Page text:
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Endocrine Abstracts (2012) 29 S9.3


University of Oxford, Oxford, UK.

During the 10-year UK Prospective Diabetes Study (UKPDS) post-trial monitoring period, sustained reductions were seen in the risks of diabetic complications, despite the previously randomised conventional and intensive treatment groups becoming identical with respect to median HbA1c values and glucose-lowering therapies. This continuing benefit of an earlier intervention in people with type 2 diabetes has been termed the ‘legacy effect’. A similar phenomenon seen in people with type 1 diabetes has been termed the ‘metabolic memory’. At the present time, neither the precise mechanism which produces the legacy effect nor the time course over which it operates have been established.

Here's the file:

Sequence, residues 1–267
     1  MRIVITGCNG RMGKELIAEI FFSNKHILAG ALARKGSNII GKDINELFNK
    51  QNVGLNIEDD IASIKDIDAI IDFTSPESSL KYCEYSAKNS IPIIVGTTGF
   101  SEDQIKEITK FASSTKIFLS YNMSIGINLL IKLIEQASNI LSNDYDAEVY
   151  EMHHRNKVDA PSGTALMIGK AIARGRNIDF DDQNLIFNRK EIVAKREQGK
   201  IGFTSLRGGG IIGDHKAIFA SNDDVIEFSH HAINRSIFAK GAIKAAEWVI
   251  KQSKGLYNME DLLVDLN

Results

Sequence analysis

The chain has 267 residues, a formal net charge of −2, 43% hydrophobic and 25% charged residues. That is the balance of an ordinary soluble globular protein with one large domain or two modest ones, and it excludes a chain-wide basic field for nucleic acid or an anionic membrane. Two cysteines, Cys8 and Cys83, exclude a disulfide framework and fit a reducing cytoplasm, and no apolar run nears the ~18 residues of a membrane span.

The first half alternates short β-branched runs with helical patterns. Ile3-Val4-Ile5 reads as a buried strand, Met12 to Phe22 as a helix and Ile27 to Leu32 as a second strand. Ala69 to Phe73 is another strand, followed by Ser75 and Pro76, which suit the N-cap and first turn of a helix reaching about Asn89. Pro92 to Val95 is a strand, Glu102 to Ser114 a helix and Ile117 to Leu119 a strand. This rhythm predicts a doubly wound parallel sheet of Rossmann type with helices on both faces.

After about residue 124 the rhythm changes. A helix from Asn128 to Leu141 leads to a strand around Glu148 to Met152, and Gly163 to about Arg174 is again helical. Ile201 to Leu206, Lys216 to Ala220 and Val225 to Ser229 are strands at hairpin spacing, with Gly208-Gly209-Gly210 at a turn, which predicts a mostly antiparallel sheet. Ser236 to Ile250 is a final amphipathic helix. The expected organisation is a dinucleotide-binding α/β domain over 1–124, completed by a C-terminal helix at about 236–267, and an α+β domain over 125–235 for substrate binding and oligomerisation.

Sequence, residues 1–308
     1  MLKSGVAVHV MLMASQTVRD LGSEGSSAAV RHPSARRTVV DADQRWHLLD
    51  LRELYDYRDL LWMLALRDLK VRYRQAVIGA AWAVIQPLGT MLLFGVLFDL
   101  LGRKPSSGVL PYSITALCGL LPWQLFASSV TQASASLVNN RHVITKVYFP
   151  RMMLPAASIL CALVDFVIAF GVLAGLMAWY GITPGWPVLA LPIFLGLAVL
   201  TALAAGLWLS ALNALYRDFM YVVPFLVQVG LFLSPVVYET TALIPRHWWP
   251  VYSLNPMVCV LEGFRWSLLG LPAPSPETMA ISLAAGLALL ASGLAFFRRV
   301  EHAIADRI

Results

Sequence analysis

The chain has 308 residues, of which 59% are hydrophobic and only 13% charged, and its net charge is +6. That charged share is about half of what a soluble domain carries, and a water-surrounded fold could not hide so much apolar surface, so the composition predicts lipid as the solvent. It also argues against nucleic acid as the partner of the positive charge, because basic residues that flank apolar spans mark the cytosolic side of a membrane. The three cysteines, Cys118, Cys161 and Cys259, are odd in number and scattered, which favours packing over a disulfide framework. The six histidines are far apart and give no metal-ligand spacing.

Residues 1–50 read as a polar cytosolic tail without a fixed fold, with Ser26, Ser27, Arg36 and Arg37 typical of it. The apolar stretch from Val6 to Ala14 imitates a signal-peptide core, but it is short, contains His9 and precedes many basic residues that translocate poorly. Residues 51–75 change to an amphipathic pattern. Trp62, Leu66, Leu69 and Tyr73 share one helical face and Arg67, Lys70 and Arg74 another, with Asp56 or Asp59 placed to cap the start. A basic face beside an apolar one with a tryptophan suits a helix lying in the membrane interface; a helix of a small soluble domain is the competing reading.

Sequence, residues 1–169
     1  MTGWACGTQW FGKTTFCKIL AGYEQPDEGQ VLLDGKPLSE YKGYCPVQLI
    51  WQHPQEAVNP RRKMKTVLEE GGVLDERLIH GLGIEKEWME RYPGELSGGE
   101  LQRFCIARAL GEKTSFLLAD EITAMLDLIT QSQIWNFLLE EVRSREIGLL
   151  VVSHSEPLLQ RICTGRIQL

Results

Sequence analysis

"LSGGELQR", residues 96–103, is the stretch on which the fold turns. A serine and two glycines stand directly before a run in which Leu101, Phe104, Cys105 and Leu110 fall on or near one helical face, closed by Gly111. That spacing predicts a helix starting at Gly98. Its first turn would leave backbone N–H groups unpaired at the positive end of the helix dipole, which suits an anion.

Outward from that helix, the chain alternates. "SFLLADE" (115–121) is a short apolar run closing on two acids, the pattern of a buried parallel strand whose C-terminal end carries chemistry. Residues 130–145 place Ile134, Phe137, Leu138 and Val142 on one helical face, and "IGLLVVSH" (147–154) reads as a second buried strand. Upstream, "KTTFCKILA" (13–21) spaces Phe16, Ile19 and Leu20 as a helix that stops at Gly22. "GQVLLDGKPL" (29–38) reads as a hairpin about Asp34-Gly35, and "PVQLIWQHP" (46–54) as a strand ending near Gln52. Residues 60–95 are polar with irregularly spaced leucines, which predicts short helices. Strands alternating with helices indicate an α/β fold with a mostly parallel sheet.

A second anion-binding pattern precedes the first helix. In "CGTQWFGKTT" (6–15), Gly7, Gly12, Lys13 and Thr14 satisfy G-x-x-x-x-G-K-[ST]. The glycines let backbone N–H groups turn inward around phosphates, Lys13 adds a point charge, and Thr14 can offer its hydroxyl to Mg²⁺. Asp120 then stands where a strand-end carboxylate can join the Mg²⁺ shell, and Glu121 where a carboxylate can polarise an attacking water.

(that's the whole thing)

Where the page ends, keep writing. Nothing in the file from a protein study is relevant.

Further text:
Analyses have been conducted to examine the degree to which the UKPDS glucose legacy effect can be attributed to prolonged benefits of HbA1c levels achieved in each of the previous years since diagnosis of diabetes. The impact of each annual HbA1c value on the future risk of death or myocardial infarction has been estimated, assuming the risk at every moment depended on the contributions from all previous moments.

Major effects of improved glycaemic control are seen 5–10 years later, explaining in part the sustained reductions in risk of death and myocardial infarction seen in the UKPDS post-trial monitoring period.

Declaration of interest: The authors declare that there is no conflict of interest that could be perceived as prejudicing the impartiality of the research project.

Funding: This research did not receive any specific grant from any funding agency in the public, commercial or not-for-profit sector.

Volume 29

15th International & 14th European Congress of Endocrinology

European Society of Endocrinology 

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